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I'm not even sure what sliding average is, but someone told me it would help with something I'm working on.

I have a table of random values -- table[n] = random(100) / 100

I need to populate table2 with their sliding averages.

I think this is the terminology. Let me know if it doesn't make sense.

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-1: "someone told me". And you couldn't ask them? They know what they're talking about. We have no idea what they said. –  S.Lott Oct 11 '10 at 20:07
    
S. Lott: He said it a while back when I wasn't around on an IRC channel, answering a question of mine about fourier transforms. Why don't you be a little nicer, eh? –  Scott Oct 11 '10 at 20:11
    
How can we guess? This isn't a "nice" issue. It's a "how can we guess what they meant" issue. How are we supposed to know what conversation you had in an IRC channel? What kind of ESP are we supposed to use? How can we know if we're right? How can we offer answers up? –  S.Lott Oct 11 '10 at 20:22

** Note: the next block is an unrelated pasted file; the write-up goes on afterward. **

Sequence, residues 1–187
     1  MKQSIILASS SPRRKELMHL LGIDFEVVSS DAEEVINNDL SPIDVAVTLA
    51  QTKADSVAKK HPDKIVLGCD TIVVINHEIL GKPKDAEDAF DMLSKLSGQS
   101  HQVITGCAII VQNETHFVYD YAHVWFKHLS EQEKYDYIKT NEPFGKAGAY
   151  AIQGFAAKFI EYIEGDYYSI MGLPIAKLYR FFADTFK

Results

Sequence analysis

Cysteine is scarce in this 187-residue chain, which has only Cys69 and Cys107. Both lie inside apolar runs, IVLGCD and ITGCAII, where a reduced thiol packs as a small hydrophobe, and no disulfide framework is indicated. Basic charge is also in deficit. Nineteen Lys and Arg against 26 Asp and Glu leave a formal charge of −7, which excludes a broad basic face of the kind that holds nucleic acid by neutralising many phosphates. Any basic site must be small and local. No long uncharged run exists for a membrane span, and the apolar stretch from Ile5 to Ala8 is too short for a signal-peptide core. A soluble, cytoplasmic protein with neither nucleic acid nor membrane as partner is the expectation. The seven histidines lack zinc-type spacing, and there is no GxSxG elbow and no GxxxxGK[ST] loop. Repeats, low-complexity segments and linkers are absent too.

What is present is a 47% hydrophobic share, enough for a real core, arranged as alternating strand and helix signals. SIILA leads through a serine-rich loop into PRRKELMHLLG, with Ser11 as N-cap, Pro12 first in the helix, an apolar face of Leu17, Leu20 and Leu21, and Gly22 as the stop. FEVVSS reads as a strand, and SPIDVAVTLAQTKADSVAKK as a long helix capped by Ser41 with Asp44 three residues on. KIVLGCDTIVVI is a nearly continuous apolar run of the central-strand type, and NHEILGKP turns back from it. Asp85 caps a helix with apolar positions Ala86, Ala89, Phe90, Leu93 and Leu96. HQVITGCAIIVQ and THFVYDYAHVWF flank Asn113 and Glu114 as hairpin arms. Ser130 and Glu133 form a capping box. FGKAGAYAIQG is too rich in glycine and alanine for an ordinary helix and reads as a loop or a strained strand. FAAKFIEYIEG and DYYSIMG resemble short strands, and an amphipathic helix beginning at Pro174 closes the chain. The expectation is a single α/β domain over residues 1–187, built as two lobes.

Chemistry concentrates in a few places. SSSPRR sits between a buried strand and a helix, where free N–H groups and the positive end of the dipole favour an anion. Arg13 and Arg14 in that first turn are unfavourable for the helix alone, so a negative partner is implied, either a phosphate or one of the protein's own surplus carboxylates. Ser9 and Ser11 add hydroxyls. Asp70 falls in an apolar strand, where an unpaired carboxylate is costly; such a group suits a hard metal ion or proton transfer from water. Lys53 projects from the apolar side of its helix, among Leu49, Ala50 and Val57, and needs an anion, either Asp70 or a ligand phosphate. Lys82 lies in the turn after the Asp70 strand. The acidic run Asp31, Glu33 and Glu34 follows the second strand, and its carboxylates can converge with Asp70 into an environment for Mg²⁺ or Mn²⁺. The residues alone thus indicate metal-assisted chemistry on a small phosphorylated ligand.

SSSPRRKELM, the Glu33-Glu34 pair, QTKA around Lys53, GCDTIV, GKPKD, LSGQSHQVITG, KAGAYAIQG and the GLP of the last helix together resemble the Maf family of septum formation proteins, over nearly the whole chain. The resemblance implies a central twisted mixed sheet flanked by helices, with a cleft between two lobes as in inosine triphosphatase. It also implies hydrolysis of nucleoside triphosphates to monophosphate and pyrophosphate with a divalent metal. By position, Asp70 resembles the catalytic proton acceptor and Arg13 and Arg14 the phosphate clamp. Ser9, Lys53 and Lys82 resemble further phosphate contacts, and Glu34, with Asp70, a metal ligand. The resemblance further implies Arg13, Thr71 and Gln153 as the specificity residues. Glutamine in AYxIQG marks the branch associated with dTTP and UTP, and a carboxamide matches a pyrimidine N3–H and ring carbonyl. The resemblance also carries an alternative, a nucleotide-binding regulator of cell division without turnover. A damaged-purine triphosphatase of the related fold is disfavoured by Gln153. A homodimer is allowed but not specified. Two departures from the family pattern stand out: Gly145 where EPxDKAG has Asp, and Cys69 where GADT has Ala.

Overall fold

It's simple. Do what smmv did. You're question to me was malicious in nature. –  Scott Oct 11 '10 at 20:35
    
Malice is your perception. You are entitled to it. Indeed, you can have any emotional response that makes you happy. We still have no idea what conversation happened or how to interpret your question. The answer you choose to accept must be random, making it hard for us to actually be "helpful". All we're doing is guessing. –  S.Lott Oct 11 '10 at 23:16

2 Answers 2

up vote 6 down vote accepted

The Moving average entry on Wikipedia might be a good start.

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Ah, I saw an question here on Stack Overflow regarding moving averages. Thanks. –  Scott Oct 11 '10 at 20:12

"Sliding Average" is another term for "Moving Average" AKA "Boxcar Average".

All are a form of Smoothing the data.

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